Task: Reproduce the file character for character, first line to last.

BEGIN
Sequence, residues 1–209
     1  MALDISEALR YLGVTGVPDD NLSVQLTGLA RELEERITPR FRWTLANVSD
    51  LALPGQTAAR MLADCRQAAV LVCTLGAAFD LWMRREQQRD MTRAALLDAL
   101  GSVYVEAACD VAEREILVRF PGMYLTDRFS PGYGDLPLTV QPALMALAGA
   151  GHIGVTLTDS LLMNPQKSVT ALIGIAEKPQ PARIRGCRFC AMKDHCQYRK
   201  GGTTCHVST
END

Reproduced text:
Sequence, residues 1–209
     1  MALDISEALR YLGVTGVPDD NLSVQLTGLA RELEERITPR FRWTLANVSD
    51  LALPGQTAAR MLADCRQAAV LVCTLGAAFD LWMRREQQRD MTRAALLDAL
   101  GSVYVEAACD VAEREILVRF PGMYLTDRFS PGYGDLPLTV QPALMALAGA
   151  GHIGVTLTDS LLMNPQKSVT ALIGIAEKPQ PARIRGCRFC AMKDHCQYRK
   201  GGTTCHVST